This latest visit to Mackinac Island was my third time there. The first time I went, I was a little kid, and my parents and sister and I went for a day trip during a vacation to Michigan. When Jay and I went together ten years ago, we stayed at the Murray Hotel, and this time we stayed at the Lilac Tree Hotel. Both of them were great hotels (I mean, the Murray Hotel sells fudge right in the lobby, so there's really no need to even go outside, and the Lilac Tree staff delivered free Oreos to your room at night), but they are regular hotels for the commoners. My lifelong dream is to someday stay here:
This is the Grand Hotel on Mackinac Island. Of course, if you're someone who can actually afford to stay here, you don't have to go through the long, tedious process of calling it "The Grand Hotel." You can simply call it"The Grand", as in, "When I've become worn out screaming at servants, climbing all of the stairs on my yacht, and setting piles of hundred-dollar bills on fire, I relax and unwind at The Grand." The Grand Hotel has a dress code after 6 p.m. If you can't read the small print on this sign, it says, "Ladies may not be attired in slacks."
I don't know if I even own anything that could be considered "slacks". I think "slacks" would be dressing up for me.
Anyway. The second a commoner sets one pinky toe on Grand Hotel property, a person in a red blazer whooshes out the front door and suddenly materializes in front of you, much like Edward Cullen in the Twilight movies, and asks if you are guests of the hotel. I suppose since we were all wearing things a few rungs below slacks on the fashion ladder, it was pretty easy to tell. Non-guests can still come inside and walk around, but you have to pay $10 per person ($5 for kids). The good news is that you can put the entrance fee toward the $45-per-person brunch, served here:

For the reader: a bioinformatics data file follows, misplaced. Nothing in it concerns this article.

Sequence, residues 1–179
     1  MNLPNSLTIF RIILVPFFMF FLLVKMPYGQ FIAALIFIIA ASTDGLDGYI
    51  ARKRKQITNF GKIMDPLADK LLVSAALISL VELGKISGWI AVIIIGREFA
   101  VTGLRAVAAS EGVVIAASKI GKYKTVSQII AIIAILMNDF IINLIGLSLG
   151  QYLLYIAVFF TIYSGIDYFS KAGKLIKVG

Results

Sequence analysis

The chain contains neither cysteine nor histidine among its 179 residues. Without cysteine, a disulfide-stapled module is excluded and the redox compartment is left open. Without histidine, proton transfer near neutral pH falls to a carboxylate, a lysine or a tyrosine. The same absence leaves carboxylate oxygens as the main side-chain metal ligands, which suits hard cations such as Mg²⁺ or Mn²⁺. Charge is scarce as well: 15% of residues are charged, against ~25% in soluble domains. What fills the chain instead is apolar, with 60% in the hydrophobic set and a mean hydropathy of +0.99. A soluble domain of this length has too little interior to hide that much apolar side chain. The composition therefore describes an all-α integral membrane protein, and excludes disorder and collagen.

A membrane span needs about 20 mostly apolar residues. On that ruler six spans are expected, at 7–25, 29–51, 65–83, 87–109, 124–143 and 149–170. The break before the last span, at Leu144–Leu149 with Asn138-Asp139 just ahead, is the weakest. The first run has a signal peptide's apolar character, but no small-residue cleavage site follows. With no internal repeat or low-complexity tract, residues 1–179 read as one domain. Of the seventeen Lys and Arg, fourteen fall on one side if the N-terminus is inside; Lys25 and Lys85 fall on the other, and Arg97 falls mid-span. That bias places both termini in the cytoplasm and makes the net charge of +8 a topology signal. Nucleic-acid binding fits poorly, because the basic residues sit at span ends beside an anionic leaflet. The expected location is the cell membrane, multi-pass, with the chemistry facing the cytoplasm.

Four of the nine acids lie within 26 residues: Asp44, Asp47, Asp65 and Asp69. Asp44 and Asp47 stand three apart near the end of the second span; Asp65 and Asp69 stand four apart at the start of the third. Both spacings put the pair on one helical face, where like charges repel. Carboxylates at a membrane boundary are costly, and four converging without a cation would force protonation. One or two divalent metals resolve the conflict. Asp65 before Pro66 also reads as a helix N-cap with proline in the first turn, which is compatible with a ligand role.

Jay refused to stay for the $45 brunch, even though I told him that the Internet claimed it was the best brunch you would ever have in your life. I think they serve grilled unicorn.
Still, we spent a couple of hours just wandering around the inside of the hotel and the gardens. We even went up to the cupola at the very top. When you pay your entrance fee, they give you a little green map of the hotel, so it is easy to identify the other commoners, also clutching their little green maps and sniffing the hint of unicorn in the air.
When we got home, Jay saw in a magazine that they actually sell Grand Hotel paint colors at Lowe's. Hmm. I see some redecorating in the future, and it will probably cost less than the brunch, too. Then I can start referring to my own house as "The Grand", as in, "We have a bad ant problem in the kitchen of The Grand." It'll be great.